Have a meal, help a refugee in North Texas

D-FW event to help those who have suf­fered hu­man rights abuses, says Wylie Pere­marti

The Dallas Morning News - - Viewpoints - Wylie Pere­marti, a grad­u­ate of J.J. Pearce High School in Richard­son, is a ju­nior at Oc­ci­den­tal Col­lege in Los An­ge­les. He wrote this col­umn for The Dal­las Morn­ing News. Email: wpere­mar-

Sun­day marks the 69th an­nual In­ter­na­tional Hu­man Rights Day, com­mem­o­rat­ing the adop­tion of the Uni­ver­sal Dec­la­ra­tion of Hu­man Rights by the U.N. Gen­eral Assem­bly in 1948. The his­toric doc­u­ment, which ar­tic­u­lated the un­alien­able rights of all re­gard­less of race, gen­der, re­li­gion or creed, re­mains the foun­da­tional in­ter­na­tional treaty in the field of hu­man rights.

As a col­lege stu­dent ma­jor­ing in diplomacy and world af­fairs, I ex­pe­ri­enced why help­ing those who have suf­fered hu­man rights abuses is so im­por­tant. Dur­ing an in­tern­ship with Refugee Ser­vices of Texas, I as­sisted refugees to Dal­las, men and women who had es­caped abuse and in­jus­tice in var­i­ous places.

I met a Con­golese man whose story changed my life. Since 1996, a com­plex web of proxy wars among the Demo­cratic Repub­lic of Congo, Rwanda, and var­i­ous mili­tia groups has plagued the re­source-rich re­gion. Ac­cord­ing to the Coun­cil on For­eign Re­la­tions, wide­spread vi­o­lence, eth­nic cleans­ing, dis­ease and famine from the Sec­ond Congo War (1998-2003) have claimed 5 mil­lion peo­ple, and the re­gion re­mains em­broiled in con­flict.

As a so­cial ac­tivist, this Con­golese refugee de­nounced the re­pres­sive Ka­bila regime that cre­ated the DRC in 1997. In 2000, he was forced to leave his fam­ily and flee to Kenya af­ter he was im­pris­oned and tor­tured by the Con­golese Rally for Democ­racy (RCD), a ri­val fac­tion sup­ported by the Rwan­dan gov­ern­ment that con­trolled ter­ri­tory in east­ern Congo at the time.

Hav­ing wit­nessed mass atroc­i­ties com­mit­ted by the RCD, this man hid in Nairobi. RCD agents cap­tured him in 2011 and tor­tured him again. He nar­rowly es­caped death.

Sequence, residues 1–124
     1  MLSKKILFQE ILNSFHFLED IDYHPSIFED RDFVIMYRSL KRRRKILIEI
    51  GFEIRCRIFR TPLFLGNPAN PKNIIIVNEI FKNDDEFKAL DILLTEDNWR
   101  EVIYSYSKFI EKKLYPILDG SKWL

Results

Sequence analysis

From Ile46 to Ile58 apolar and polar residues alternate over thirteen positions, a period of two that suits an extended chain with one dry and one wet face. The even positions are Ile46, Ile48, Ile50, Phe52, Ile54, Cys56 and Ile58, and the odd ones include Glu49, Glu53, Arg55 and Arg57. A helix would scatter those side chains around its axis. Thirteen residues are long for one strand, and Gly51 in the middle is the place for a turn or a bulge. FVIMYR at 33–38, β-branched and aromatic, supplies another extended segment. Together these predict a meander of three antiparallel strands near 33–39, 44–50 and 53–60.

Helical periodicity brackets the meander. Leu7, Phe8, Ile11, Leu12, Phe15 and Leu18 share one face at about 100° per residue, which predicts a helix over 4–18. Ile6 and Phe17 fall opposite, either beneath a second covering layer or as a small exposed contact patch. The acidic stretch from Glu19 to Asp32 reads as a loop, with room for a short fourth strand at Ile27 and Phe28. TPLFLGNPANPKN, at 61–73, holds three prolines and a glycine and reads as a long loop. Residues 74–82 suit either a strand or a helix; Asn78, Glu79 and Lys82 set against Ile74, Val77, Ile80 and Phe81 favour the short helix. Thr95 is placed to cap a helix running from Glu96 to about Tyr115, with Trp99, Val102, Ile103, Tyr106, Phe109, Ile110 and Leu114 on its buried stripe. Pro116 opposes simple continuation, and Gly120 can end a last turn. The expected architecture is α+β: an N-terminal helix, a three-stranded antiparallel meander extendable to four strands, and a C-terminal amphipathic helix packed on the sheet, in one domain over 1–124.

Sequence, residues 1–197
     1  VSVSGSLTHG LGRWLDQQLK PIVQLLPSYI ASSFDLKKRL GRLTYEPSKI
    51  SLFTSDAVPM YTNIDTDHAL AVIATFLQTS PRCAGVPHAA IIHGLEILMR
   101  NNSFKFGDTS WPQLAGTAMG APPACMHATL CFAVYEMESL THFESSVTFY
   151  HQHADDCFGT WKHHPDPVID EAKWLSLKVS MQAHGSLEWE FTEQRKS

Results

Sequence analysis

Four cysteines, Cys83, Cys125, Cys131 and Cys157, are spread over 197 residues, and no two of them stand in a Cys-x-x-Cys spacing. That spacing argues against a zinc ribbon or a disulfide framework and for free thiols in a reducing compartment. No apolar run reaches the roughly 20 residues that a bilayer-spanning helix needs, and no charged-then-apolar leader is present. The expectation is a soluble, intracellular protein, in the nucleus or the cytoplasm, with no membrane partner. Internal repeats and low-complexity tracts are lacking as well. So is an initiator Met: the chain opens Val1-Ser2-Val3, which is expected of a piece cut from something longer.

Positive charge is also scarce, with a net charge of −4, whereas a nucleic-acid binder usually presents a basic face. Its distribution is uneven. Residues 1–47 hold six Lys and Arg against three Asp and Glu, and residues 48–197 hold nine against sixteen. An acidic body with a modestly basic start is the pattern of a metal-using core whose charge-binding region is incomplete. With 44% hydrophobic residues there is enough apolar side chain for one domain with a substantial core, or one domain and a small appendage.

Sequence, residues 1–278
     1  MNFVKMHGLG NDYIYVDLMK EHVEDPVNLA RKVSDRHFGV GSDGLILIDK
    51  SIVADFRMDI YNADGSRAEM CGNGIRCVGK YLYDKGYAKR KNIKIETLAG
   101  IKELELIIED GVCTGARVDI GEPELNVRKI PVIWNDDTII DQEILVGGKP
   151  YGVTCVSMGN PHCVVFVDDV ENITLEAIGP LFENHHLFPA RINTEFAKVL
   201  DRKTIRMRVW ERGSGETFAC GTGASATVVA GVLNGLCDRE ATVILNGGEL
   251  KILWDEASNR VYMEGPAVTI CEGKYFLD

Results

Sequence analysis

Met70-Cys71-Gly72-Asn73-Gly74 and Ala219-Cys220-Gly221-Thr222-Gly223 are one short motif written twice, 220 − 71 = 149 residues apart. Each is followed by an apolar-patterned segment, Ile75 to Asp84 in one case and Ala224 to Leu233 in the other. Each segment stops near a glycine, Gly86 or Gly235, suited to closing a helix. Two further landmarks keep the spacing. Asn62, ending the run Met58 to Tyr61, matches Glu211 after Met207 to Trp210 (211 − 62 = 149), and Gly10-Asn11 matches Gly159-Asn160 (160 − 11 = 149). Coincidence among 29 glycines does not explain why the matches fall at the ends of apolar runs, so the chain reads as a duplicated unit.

He set­tled in Dal­las in 2016, 14 years af­ter gain­ing U.N. refugee sta­tus. Now in his 40s, he suf­fers from in­juries from his tor­ture and strug­gles to pay for med­i­cal treat­ments.

There are so many im­mi­grants and refugees like this man who are part of our com­mu­nity. Many face le­gal, fi­nan­cial, cul­tural and lin­gual bar­ri­ers that make as­sim­i­lat­ing ex­tremely dif­fi­cult.

That’s why, when I heard that Hu­man Rights Ini­tia­tive of North Texas was creating the first-ever Hu­man Rights Day DFW, I wanted to be part of it.

The event, a col­lab­o­ra­tive ef­fort be­tween restau­rants and res­i­dents, sup­ports im­mi­grant sur­vivors of hu­man rights abuse in North Texas by rais­ing funds and aware­ness.

“The im­mi­grants in our com­mu­nity are feel­ing par­tic­u­larly vul­ner­a­ble at this mo­ment,” says Bill Hol­ston, ex­ec­u­tive direc­tor of HRI. “It’s par­tic­u­larly im­por­tant that we sup­port le­gal ser­vice agen­cies like HRI that are help­ing them pur­sue their le­gal rights to gain se­cu­rity and sta­tus.”

This is a frag­ile mo­ment for im­mi­grants, who have en­dured a nearly year­long ag­gres­sion from the Trump ad­min­is­tra­tion to close U.S. bor­ders and re­strict im­mi­gra­tion. Last week, Pres­i­dent Don­ald Trump ended U.S. participation in the U.n.-led Global Com­pact on Mi­gra­tion, a set of in­ter­na­tional guide­lines de­vel­oped to pro­tect the hu­man rights of mi­grants.

Like all of our neigh­bors, im­mi­grants in North Texas de­serve our re­spect. Many, like my Con­golese friend, suf­fered hu­man rights abuses, and fled their home­lands with lit­tle or noth­ing to help them start their new lives.

This Sun­day, all you have to do to sup­port im­mi­grant sur­vivors of hu­man rights abuse is go out to brunch or din­ner at one of the par­tic­i­pat­ing restau­rants. (Find them at hu­man­rights­daydfw.org/restau­rants.) The restau­rants will do­nate 5 per­cent of that day’s rev­enue (or $250) to HRI.

What a de­li­cious way to make a mean­ing­ful dif­fer­ence.

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